Carol K. Howell letter: Some of 4 percent surely are children
I thought you might like to hear from a member of the other four percent. As a Jew, I'm not offended by "Merry Christmas." If the check-out clerk says it as she hands me my bag, I'm likely to say, "And Happy Hanukkah to you!" If she doesn't mind,...
I thought you might like to hear from a member of the other four percent. As a Jew, I'm not offended by "Merry Christmas." If the check-out clerk says it as she hands me my bag, I'm likely to say, "And Happy Hanukkah to you!" If she doesn't mind, I don't.
But where it did make a difference is in the public schools when my children were young. Every year they learned Christmas and Easter songs and brought home Christmas and Easter art projects and asked me the same piercing question: "Why can't we have Christmas trees or Easter baskets?" "Because we are Jewish," I would say, hoping they would understand that this was as much an essential fact of life as the color of their eyes.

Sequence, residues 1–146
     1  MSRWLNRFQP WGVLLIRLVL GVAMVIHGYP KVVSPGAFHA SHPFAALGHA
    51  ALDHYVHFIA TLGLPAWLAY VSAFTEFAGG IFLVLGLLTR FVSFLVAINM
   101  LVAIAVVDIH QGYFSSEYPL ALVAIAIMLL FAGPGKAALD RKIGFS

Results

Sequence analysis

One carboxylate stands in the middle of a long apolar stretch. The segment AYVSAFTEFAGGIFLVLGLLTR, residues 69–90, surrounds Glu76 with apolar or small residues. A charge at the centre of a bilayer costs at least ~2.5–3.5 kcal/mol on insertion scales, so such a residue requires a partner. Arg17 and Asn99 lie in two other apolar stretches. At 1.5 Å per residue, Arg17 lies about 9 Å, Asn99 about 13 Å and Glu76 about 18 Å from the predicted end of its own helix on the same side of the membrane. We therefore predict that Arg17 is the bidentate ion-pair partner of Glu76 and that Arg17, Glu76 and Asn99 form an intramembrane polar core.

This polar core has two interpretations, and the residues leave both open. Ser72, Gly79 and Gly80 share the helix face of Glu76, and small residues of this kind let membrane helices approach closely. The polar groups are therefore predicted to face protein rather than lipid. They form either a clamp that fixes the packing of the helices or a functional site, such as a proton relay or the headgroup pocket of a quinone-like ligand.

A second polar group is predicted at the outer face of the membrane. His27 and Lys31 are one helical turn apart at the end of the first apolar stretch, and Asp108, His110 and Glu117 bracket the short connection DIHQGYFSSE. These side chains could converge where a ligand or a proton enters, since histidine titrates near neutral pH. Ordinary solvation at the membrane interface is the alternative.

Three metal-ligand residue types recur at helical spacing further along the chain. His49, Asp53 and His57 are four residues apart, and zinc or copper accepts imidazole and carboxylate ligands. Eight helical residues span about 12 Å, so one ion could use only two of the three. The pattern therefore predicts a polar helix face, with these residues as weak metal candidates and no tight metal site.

But they got bombarded with Christian symbols and ritual - not just on TV, but in public school, which is supposed to be secular. I can still remember how it felt when I was a child and had to make Santa Clauses that I knew had nothing to do with me and sing Christmas carols that, despite their appealing melodies, felt like treason.
And it's not necessary, is it? Children can draw snowmen; they can sing about spring - they can celebrate the seasons in art and music without making other children feel like outsiders in their own schools. There must be Muslim, Hindu, Buddhist and other kinds of families who feel the same way.
As adults, we in the four percent are pretty good at holding onto our identities in a sea of otherness. But imagine the far more vulnerable point-of-view of the non-Christian child. Imagine if it were your child and the religious majority were reversed. Public schools are not the place for religious symbols and song. Otherwise, I'm perfectly happy to wish all 96 percent of you a very merry Christmas.
Carol K. Howell